Why Hot Lettuce Should Be in Your Weeknight Routine

Use a wok and XO sauce to stray from salads with excess lettuce.

A few months ago, I picked up a CSA box filled to the brim with lettuce (and lettuce-like leafy greens). Romaine, red leaf, green, frisee, escarole – you name it. I came home, upended the entire box on my counter, and wondered how long it would take me and my husband to consume so much lettuce.

As someone who isn’t particularly fond of salads, the first few pages of Google yielded very few recipes that sparked my interest. Sure, I could make a half dozen versions of salad dressing, but I knew deep down it was unlikely I would make it past the first two. So I turned to trusty Instagram to gather ideas, captioning a short video of my 4-foot-long prep table covered with lettuce: “So … what should I cook with all this lettuce?” I sent the same note to my mother via WeChat, a messaging service popular among Chinese Americans.

My friend Alisha and my grandmother came to the same conclusion – and fairly quickly at that. “Hot lettuce!” I read from them both. “Wok-tossed lettuce, it’s the best!” Alisha said. “Cao yi cao!” (saute it!) my grandmother agreed. And with that, the technique was settled, which only left the question: What kind of sauce?

The easiest version would be a sprinkle of garlic, perhaps a spritz of sesame oil, too. But I seized the momentum of cooking lettuce for the first time (I never thought to heat lettuce before!) and ventured down the path of making XO sauce. Up until then, I had been too nervous to try my hand at XO, a legendary condiment hailing from Hong Kong, where it originated in the 1980s. It is named after the Cognac term XO (or “extra old”), to showcase the many rare and special ingredients that make up its layers of umami. (In fact, packaged XO sauce also uses Cognac-like branding and messaging in its marketing.)

As I’ve written about before, extracting and combining umami from different protein sources results in uniquely flavorful final products. In XO sauce, the base trio is generally dried scallops, dried shrimp and Jinhua ham (a dry-cured ham from the city of Jinhua in the Zhejiang province), alongside aromatics like onion, garlic and red chilies. It is delightfully chunky, offering a textural contrast alongside richly sweet and savory notes.

While XO is certainly not the only sauce you can put on sautéed or stir-fried lettuce, it will likely solidify your love for hot lettuce once you do have them together. With my own derivative of XO in the refrigerator, I find that even a dozen heads of lettuce can’t hold me over until Saturday. Just a quick chop, a very hot wok (or cast-iron or heavy-bottomed pot) lubricated with neutral oil (make sure to pick one with a high smoke point), and you’re well on your way to a fantastic side to eat with basically anything.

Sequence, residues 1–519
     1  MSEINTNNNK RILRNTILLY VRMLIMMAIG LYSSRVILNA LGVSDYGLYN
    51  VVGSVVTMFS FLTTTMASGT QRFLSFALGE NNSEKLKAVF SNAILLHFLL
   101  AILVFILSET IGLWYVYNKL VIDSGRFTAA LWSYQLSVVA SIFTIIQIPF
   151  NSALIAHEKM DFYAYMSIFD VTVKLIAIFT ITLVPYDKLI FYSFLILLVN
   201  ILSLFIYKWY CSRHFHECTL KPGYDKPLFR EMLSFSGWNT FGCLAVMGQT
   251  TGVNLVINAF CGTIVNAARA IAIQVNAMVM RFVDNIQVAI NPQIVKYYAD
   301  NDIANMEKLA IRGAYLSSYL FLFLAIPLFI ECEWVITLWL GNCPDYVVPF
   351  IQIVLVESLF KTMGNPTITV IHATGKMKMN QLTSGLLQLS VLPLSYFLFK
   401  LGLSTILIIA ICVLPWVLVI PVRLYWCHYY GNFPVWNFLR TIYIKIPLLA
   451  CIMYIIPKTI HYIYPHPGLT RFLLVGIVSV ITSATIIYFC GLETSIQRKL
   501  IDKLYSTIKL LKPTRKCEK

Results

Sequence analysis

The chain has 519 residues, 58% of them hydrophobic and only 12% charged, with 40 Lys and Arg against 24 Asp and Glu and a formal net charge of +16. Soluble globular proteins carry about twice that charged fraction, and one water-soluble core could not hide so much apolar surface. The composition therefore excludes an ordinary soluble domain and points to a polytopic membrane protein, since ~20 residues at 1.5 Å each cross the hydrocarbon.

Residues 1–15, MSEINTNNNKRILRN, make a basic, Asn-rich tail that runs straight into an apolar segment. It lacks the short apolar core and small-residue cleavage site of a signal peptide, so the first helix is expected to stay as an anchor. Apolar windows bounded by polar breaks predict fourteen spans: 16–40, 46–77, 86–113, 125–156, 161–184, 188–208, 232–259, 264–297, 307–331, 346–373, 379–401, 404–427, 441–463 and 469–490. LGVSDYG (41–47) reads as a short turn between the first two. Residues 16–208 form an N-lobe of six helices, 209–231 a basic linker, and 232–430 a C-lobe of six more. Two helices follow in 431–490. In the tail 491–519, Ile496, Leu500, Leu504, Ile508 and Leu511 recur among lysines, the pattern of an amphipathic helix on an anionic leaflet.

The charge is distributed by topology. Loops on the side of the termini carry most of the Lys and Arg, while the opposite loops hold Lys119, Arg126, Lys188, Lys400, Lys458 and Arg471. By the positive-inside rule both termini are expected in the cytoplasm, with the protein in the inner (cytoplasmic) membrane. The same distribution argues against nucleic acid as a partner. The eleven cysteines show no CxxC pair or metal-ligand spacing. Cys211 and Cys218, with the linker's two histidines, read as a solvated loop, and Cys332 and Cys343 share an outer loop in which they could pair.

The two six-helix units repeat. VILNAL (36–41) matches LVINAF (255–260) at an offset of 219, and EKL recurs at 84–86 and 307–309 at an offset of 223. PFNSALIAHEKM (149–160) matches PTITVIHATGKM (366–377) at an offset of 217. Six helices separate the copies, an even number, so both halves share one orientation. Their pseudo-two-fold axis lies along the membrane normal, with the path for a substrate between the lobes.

Every chef has their own XO recipe, so after gaining some comfort making more traditional recipes first, I forged ahead with some new modifications and additions. The below is my go-to recipe, now enough of a departure from the baseline XO I’ve dubbed it “umami sauce,” inspired by the principles of XO. Feel free to add your own changes to suit how you like to cook and eat (just don’t misrepresent your final product, please), and keep on spreading the virtues of hot lettuce and XO.


Umami Sauce (an XO-Inspired Sauce)


  • 20 grams dried shrimp
  • 25 grams dried scallops
  • 1 1/2 teaspoons whole coriander seed
  • 1/2 teaspoon whole fennel seed
  • 1/2 teaspoon whole caraway seed
  • 5 dried red chiles (optional)
  • 2 fresh bay leaves (optional)
  • 2 cups neutral oil
  • 4 ounces pancetta, diced
  • 60 grams shallot, minced
  • 20 grams ginger, minced
  • 25 grams garlic, minced
  • Soy sauce, as needed
  • Maple syrup, as needed
  • Fish sauce, as needed
  • 1 cup unsalted chicken or dashi stock
  • Kosher salt, as needed
  • White sugar, as needed
  • Vinegar of choice, as needed (I use white balsamic vinegar)


  1. Hydrate the shrimp and scallop in boiling water until softened, approximately 5 minutes.
  2. Strain shrimp and scallop and reserve liquid. Transfer to food processor and pulse 5-6 times or until mixture takes on a lightly stringy quality.
  3. Coarsely grind all spices.
  4. Heat oil in heavy-bottomed pot or wok until ~300 F. Lower heat to medium to medium-high.
  5. Add pancetta, and fry for 2-3 minutes or until golden brown.
  6. Add shrimp and scallops. Fry for another 3-5 minutes until medium brown.
  7. Add all spices, bay leaves, and red chiles and let fry 1 minute.
  8. Add shallot, ginger, garlic. Fry 2-3 minutes until golden brown.
  9. Add soy sauce, maple syrup, fish sauce, starting with ~2 tablespoons of each.
  10. Add chicken stock and reduce heat to medium.
  11. Let cook and bubble 10-15 minutes, or until most of the stock has evaporated.
  12. Taste and season with additional salt, sugar, and vinegar of choice.
  13. Remove from heat and let cool 10 minutes.
  14. Transfer to glass jars. For best results, let flavors meld overnight.

Read more about sauces and soups, and study global cuisine in Culinary Arts at ICE.

Add new comment